Tag Archives: History of the Church

Happy Boxing Day! New Release: History of the Church vol. 3

History of the Church vol. 3 is now available as a free e-book on Project Gutenberg! Obviously, HotC is a big deal, and we’ll just let it stand at that. (Unless you have some strange desire to read only about the 1838-39 window of Church history, you really ought to start with vol. 1, and if you’ve already read vol. 1 and 2 you probably don’t need an introduction to 3, so no further commentary at this time.)

It was proofed and produced by our excellent BYU research assistant Mariah Averett, thanks to donor support for her position.

New Release: “History of the Church”, vol. 2

All you who have already finished volume 1 and have been waiting on pins and needles, rejoice! History of the Church vol. 2 is now available as a free e-book on Project Gutenberg thanks to excellent work by Emma Cahoon, one of our interns last summer, and Mariah Averett, our BYU research assistant. (Mariah’s work is generously supported by a handful of donors, who we also thank.) They’ve put a tremendous amount of work into it; producing a book of this size that maintains the original footnotes, page numbers, index, etc. is quite an achievement.

If you missed vol. 1, that’s available here. More to come in the coming months.

New Release: History of the Church, vol. 1

Our multi-format free e-book of History of the Church, vol. 1 by Joseph Smith (ed. B. H. Roberts) is now available on Project Gutenberg thanks to the work of intern Jared Ure and research assistant Mariah Averett. It takes the history of the Church up to 1834 and includes the original 1902 edition page numbers, footnotes, and index.

A discussion of why we’re producing the History of the Church may be in order. The entire History of the Church is available as a paid Kindle e-book or for free as a webpage or .pdf, and the Joseph Smith Papers are reproducing much of the same material. The Joseph Smith Papers are available for free online (in a format that I find isn’t friendly to through-reading, but is fine for looking up one-off documents) and are superior as a scholarly source, but for whatever reason their e-books are absurdly expensive on Kindle (up to $40/volume, last I checked) and many volumes don’t appear to be available in e-book formats.

So why invest a substantial amount of time in producing our own version? Because best I can tell, this is the first time this material has ever been released for free in Kindle and epub formats. I think there are plenty of readers in the Church who would like to give the History of the Church a try, but don’t want to have to sit at a computer or pay to do so. Now they can.

This fits with our broader philosophy: we want to make it as easy as possible to read Church literature and thus increase the total amount of Church lit that actually gets read. Taking obscure works from unavailable (e.g. hard copies exist in one archive) to free improves availability. Taking well-known books from free+inconvenient (e.g. pdf scans) and/or cheap+convenient (e.g. dubious-quality $0.99 Amazon editions) to free+convenient also improves availability. The obscure work wins “most improved” and goes from having one reader/year to five readers/year. The well-known book goes from having 100 readers/year who are willing to deal with the .pdf or risk their dollar on an e-book to 500 readers/year who are willing to download our free e-book. Both projects are good, and we do work on some more obscure books. However, given our goal to increase the total amount of Church lit reading that goes on in the world, we’ll typically work on better-known books, hence the History of the Church. Anyways, look out for volume 2 in the next month or so.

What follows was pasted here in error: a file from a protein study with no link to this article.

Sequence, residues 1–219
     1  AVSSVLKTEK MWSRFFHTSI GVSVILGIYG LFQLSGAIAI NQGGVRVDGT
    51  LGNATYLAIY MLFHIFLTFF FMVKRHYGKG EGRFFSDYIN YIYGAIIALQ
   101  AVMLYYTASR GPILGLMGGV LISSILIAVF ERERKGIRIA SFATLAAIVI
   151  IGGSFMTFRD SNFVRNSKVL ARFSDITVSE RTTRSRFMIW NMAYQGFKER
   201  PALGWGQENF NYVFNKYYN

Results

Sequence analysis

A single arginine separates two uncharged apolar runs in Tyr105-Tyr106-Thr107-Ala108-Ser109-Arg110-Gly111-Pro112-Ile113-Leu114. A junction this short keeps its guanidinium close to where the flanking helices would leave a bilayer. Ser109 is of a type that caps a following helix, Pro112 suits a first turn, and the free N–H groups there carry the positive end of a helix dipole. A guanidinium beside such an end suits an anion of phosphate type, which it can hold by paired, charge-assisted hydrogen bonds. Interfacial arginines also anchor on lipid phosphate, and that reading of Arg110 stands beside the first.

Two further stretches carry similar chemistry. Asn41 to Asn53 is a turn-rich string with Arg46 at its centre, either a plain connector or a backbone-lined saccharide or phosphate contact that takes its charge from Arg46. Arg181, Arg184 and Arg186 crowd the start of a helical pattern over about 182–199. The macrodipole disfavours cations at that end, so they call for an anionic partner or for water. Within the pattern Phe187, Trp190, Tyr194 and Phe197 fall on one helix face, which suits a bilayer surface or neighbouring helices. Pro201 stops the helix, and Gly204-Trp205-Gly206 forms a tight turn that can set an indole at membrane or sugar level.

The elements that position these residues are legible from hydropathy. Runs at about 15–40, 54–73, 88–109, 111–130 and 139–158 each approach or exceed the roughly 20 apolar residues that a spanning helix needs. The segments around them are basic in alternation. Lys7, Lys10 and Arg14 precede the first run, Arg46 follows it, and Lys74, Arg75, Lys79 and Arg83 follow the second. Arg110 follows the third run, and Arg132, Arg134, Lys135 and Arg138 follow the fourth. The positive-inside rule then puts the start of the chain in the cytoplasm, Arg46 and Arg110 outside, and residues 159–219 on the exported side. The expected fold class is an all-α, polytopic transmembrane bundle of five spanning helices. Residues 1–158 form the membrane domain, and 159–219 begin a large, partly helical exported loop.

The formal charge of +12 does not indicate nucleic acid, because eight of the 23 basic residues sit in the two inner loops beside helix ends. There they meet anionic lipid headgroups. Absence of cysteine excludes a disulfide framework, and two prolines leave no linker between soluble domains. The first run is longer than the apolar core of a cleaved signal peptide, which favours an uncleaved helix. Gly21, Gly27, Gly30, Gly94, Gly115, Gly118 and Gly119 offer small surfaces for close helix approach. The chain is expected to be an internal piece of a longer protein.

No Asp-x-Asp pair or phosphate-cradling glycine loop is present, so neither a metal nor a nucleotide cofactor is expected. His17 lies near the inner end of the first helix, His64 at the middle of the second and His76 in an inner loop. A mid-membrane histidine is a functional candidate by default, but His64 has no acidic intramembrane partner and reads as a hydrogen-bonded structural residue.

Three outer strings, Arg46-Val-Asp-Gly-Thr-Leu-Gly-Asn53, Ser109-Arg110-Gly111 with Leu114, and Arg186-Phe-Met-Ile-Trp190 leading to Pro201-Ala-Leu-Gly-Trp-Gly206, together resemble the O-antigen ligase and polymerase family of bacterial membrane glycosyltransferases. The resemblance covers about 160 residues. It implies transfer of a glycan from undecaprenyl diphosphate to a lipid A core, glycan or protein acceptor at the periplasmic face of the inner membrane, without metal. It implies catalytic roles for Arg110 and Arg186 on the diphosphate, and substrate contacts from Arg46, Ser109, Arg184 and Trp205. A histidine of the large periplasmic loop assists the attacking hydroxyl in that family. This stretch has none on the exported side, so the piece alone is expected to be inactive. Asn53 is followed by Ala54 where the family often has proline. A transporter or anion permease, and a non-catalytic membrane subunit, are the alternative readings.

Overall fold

MTP books in General Conference

Want the gospel knowledge of a general authority? Big surprise: they read classic LDS books, including works we’ve produced and stuff we’re currently working on. Flipping through the citations of April 2014 General Conference talks, I found several familiar books:

  • President Monson, in his talk “Be Strong and of a Good Courage,” quoted the Autobiography of Parley P. Pratt (MTP edition here) at length for the story of Joseph Smith rebuking his guards while imprisoned in MIssouri.
  • Elder Hales, in his talk “If Ye Love Me, Keep My Commandments,” quoted Joseph Fielding Smith’s 1922 Essentials in Church History (MTP edition here) for the story of Martin Harris’ loss of the 116 pages.  
  • Elder Cook, in his talk “Roots and Branches,” cited the History of the Church in his discussion of Moroni’s message to Joseph Smith. MTP interns Jared and Emma are currently working on the first two volumes of History of the Church, and we plan to have the six volumes that are in the public domain done this year.
  • Elder William R. Walker, in his talk “Live True to the Faith,” quoted from Matthias F. Cowley’s book Wilford Woodruff: History of His Life and Labors as Recorded in His Daily Journals for the story of how Wilford Woodruff found the United Brethren and baptized most of them. An MTP volunteer was already at work on this book before conference and it’s currently just over half done.
  • Elder Christofferson, in his talk “The Resurrection of Jesus Christ,” quoted the paragraph from Jesus the Christ (available on PG thanks to Distributed Proofreaders, kindred spirits who beat us to it) where Talmage describes the resurrected Christ’s first interaction with Mary Magdalene.

This just from one scan through the proceedings of one conference, which I doubt was unusual in this regard. So go follow the prophet and read the Autobiography of Parley P. Pratt.